10:28 “But, the gods had been careless, they had sent only one, so for the first time in their lives, here was a thing that could not be shared, because there was only one of it.”—Scarcity has arrived. Demand outstripped supply. Bad product manager. Or, great positioning depending. Economics is embedding itself into their culture. The Coke bottle becomes part of their everyday life, part of their meaning, not just part of their environment.

Two ways to use to smash things—The Coke bottle was now a versatile and useful tool. By now the many productizations, particular uses, have given rise to many stories. All of those glowing reviews, so much WOM, but nobody else to expose it to.

10:39 Certainly everybody needed it most of the time. A thing they never needed before had become a necessity—the Coke bottle achieved necessity. Hey did your company IPO yet? Better hurry or it will be too late. Or, is that necessity, as in commodity with its subsequent price and investment issues?

10:49 “An unfamiliar emotion began to stir— a feeling of wanting to own, of not wanting to share. And, new things came:

• Anger
• Jealousy
• Hate
• Violence”

Is this the Hype Cycle? Is it unintended consequences?

This ethnographer’s notion of ownership is questionable. It’s just economics. Supply outstripped demand. The only time we go down this route is in a disaster and we need food, which we call looting, but is survival a crime? Is it wanting? Anyway, the meanings, the cognitive model of the Coke bottle was expanding and changing. The stories went wrong. The WOM was bad. The reputation sullied. No PR campaign was launched to reverse the negative mentions.

Notice also that when they were sharing, the Coke bottle as product was used in an interactive manner as were all other things in their world.

11:22 Assault

11:28 Angry at gods—“Take back your thing. Look at the trouble it brought.” De-adoption was now underway. End of Life has been reached. Now if this were a different culture, they would blame the individual and the Coke bottle would be innocent, but these actions had existing meanings within the ontology of their culture. Imagine all the bad press, customer support calls, but no technical support calls. The Coke bottle itself exhibits no defects, just its use. Why do we blame email for spam?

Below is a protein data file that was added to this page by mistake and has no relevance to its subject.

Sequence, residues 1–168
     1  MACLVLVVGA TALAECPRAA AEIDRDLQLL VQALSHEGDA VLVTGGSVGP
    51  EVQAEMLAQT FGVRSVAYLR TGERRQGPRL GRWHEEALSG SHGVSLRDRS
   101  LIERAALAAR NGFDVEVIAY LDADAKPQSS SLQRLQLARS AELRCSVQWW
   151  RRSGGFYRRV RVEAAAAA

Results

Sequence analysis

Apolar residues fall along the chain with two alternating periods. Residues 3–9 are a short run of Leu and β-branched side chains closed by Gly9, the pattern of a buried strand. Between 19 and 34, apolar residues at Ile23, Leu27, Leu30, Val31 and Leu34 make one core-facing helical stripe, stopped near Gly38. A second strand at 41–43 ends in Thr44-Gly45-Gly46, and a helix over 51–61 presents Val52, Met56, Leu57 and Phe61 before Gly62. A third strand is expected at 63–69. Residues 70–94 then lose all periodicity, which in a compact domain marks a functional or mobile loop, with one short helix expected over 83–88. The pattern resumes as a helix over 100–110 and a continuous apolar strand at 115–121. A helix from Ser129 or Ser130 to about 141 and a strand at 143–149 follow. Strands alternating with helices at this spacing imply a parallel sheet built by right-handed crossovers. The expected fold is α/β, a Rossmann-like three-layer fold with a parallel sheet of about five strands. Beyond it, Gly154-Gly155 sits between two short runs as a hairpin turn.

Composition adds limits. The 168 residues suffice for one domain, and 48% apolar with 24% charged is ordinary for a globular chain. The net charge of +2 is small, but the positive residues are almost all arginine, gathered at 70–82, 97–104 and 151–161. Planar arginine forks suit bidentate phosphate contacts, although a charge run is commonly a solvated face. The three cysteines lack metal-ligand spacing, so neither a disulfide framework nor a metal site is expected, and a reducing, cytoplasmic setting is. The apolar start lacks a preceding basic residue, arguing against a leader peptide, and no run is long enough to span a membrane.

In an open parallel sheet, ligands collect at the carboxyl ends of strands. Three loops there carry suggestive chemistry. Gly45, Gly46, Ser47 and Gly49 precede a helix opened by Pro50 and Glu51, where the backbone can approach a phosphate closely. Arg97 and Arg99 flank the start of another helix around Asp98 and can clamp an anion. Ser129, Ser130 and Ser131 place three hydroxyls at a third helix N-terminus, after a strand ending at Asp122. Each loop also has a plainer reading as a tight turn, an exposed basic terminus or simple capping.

But, the gods would not take it back—Well, would you take it back? What are your return policies? Have you booked the earnings, and used them for the forecast that your company based its guidance to financial markets on?

12:07 Burying the thing—the efforts at de-adopting escalate. The exit barriers are real hell. Is your exit barriers hell on your customers? Of course!

12:30 Shame

12:34 “I have buried the thing. It will not make us unhappy again.” —Yes, their happiness was at stake.

13:02 Hyena, Warthog, Child finds it—Even higher exit barriers.

13:56 Fight.

14:15 That night the family was very unhappy.

14:26 They did not have a name for it—They called it the evil thing—Negative WOM. What will your customers call your thing? What will they call it twenty years after they quit using it?

More importantly, the user has a lifecycle. The user changes their cognitive models over their lifetime. They will encounter new ideas. They will commit to some paradigmatic change (subculture) in their functional culture, and when they do, they will need a different application. Some products can keep up. A life insurance company I worked at segments by populations, and then by life events, events that change needs. They sell into the consumer market. They retain their customers as the customer transitions these events. How long will your products and services retain their customers? Ethnography will help you know why they leave.

15:00 “The thing does not belong on this Earth—Tomorrow I will take it to the end of the Earth, and throw it off.”—How much of an effort is it to de-adopt your product or service? Their world is small in their experience, so the Earth must be small. Their experience defines their world.

“I think the end of the Earth must be very far.”

The film continues on with the bushman’s journey to the end of the Earth. Here the story ties increasingly to the ethnographer’s earlier urban environment and culture. The bushman has fun gaining an understanding of the urban environment and culture, stands at the end of the Earth and de-adopts the Coke bottle, the evil thing, one last time, and then returns to his family.

These people of the Kalahari no longer live in the desert. They were forcibly removed to the city where they live in poverty, so much for progress and economics. Their culture lost.